Electrode properties are improved substantially even when only a portion of the coke filler is treated according to our invention. Coke filler for electrodes usually consists of a mixture of relatively large particles, 1/16 to 1/4 inch or larger and relatively fine particles or "flour" as it is called. We have found that if the larger particles in a coke filler mix are processed according to our invention, all or part of the flour can be conventionally calcined coke without our added processing and the mix will still yield improved electrodes. Improvements in electrode properties, though proportionately smaller, can also be obtained when only a portion of the particles are processed according to the invention.

It can be seen from the examples that the process of the invention results in coke which requires more binder or pitch on a weight basis when it is extruded into electrodes or the like than does conventionally calcined coke. This increased binder demand by the coke means that more volatiles from the binder must be driven off when the electrode is baked. This would be expected to mean more voids in the electrode with attendant poor structure in the electrode product. Surprisingly, this is not the case and as the examples show, processing according to the invention improves the strength and CTE of the final product despite the higher binder content in the green electrode prior to baking.

In the examples which follow it will be seen that the application of our process has resulted in improved flexural strength in every sample processed according to the invention, as compared with conventionally calcined coke as well as with the coke pre-graphitized according to the prior art, both with and without the addition of iron oxide. Similar improvements in properties have also been observed when filler processed according to the invention was used in making electrodes which were pitch impregnated prior to graphitization.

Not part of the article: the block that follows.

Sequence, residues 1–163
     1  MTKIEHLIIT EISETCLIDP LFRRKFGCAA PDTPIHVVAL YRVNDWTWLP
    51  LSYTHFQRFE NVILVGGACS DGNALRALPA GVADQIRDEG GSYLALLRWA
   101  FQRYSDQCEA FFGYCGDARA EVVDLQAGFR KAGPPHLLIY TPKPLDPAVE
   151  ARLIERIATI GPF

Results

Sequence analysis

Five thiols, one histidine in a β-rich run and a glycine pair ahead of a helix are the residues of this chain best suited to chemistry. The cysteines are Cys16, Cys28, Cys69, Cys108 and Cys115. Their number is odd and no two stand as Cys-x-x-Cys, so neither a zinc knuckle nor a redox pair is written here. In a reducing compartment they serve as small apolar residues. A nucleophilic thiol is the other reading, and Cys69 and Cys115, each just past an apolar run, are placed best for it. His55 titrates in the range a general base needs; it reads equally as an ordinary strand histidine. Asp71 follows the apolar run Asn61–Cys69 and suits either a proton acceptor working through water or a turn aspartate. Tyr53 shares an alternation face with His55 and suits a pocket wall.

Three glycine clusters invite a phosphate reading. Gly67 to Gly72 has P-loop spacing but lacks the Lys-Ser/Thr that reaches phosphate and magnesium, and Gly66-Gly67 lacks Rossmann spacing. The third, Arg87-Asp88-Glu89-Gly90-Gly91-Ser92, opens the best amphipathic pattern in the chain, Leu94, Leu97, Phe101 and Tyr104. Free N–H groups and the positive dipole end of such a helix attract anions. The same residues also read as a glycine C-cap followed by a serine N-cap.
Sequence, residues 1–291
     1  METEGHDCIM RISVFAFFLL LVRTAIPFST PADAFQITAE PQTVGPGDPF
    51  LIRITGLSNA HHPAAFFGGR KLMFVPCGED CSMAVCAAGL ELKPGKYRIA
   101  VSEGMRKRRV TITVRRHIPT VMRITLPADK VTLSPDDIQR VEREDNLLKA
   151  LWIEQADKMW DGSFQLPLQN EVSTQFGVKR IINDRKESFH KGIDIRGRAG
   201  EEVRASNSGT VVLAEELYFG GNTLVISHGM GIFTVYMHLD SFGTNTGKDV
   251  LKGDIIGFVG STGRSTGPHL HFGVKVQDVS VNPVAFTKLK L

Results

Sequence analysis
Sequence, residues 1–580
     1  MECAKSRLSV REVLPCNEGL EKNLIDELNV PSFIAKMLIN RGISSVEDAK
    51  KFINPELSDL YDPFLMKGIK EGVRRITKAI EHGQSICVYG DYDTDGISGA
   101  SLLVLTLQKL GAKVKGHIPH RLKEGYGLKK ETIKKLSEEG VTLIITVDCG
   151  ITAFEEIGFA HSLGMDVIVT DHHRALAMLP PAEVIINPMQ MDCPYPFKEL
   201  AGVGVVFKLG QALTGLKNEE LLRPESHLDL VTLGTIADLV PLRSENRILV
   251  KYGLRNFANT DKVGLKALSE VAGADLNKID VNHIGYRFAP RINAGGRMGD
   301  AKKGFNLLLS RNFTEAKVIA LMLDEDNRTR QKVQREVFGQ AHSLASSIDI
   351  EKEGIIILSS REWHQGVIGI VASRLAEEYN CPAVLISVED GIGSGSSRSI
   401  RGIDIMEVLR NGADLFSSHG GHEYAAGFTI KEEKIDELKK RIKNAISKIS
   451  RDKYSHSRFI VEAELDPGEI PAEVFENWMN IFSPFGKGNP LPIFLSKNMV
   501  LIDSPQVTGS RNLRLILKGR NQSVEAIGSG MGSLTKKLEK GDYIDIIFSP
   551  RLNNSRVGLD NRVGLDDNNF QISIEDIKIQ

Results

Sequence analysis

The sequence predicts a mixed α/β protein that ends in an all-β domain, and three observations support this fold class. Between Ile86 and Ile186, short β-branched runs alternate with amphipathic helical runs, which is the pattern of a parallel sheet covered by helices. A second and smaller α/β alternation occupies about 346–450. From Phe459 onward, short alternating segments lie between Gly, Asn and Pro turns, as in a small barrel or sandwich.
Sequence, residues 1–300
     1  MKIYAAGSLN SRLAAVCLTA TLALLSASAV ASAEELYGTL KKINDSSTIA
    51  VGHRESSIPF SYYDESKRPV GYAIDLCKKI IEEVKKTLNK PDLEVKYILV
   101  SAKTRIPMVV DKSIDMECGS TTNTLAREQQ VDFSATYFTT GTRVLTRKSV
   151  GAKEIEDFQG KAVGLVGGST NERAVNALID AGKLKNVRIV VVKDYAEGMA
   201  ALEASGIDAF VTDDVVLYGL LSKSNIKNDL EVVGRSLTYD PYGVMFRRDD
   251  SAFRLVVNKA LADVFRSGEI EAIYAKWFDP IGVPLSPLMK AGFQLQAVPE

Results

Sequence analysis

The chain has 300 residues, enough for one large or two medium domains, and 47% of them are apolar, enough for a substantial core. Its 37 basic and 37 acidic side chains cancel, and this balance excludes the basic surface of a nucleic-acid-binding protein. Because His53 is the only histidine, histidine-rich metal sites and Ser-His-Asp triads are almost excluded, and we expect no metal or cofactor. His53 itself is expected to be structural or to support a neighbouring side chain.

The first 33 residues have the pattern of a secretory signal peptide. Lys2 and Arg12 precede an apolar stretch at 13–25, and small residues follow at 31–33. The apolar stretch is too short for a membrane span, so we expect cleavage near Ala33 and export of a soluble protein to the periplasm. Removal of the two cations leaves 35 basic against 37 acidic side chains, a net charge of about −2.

Table A shows the compositions the four standard electrode mixes which were used throughout the examples.

              Table A______________________________________Distribution of Particle Sizes in Four Types of Electrode MixPercentage of Total Coke WeightMix     3/6     6/10    10/20 20/35 55% ThroughType    Mesh    Mesh    Mesh  Mesh  200 Mesh______________________________________A       30      12.8    17.3  --    40B       --      --      36.7  18.3  45C       --      33      --    17    50D       --      --      --    50    50______________________________________
EXAMPLE I

A six hundred pound sample of rotary calcined high sulfur premium (low CTE) petroleum coke having a sulfur content of 1.3 percent by weight was placed in a 20 inch diameter by six foot long graphite induction furnace and processed according to the invention. It was heated in the absence of air to 1400° C and then the temperature was raised at the rate of 100° C per hour to 1700° C and the coke was held at a temperature of 1700° C for two hours and then allowed to cool. This sample (I-a) after cooling had a sulfur content of only 0.3 percent by weight. A second sample of the same coke was in the manner of the prior art, mixed with 2 percent by weight of iron oxide and heated in the absence of air in the same furnace to a temperature of 1400° C. The temperature was then raised at the rate of 250° C per hour to 2850° C and then held at this graphitizing temperature of 2850° C for one hour producing sample I-b. A third sample I-c, a control sample, had been heated in the absence of air in a rotary calciner to the conventional calcining temperature of 1350° C and held at this temperature for one hour. Each sample was crushed and screened to product particles having sizes which would pass through 3 mesh while being held on 20 mesh. From sample I-c a portion of material was also milled to produce flour or fine particles, 55% of which would pass through 200 mesh, with 45% passing through 35 mesh and held on 200 mesh. All number screen sizes are standard "Tyler Mesh".